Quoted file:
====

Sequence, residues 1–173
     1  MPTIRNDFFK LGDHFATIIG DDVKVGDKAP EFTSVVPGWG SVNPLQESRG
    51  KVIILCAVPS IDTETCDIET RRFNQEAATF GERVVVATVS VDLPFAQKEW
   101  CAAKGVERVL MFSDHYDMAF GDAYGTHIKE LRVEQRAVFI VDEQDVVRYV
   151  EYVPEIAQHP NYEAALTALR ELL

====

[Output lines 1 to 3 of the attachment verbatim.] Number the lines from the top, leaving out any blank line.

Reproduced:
Sequence, residues 1–173
     1  MPTIRNDFFK LGDHFATIIG DDVKVGDKAP EFTSVVPGWG SVNPLQESRG
    51  KVIILCAVPS IDTETCDIET RRFNQEAATF GERVVVATVS VDLPFAQKEW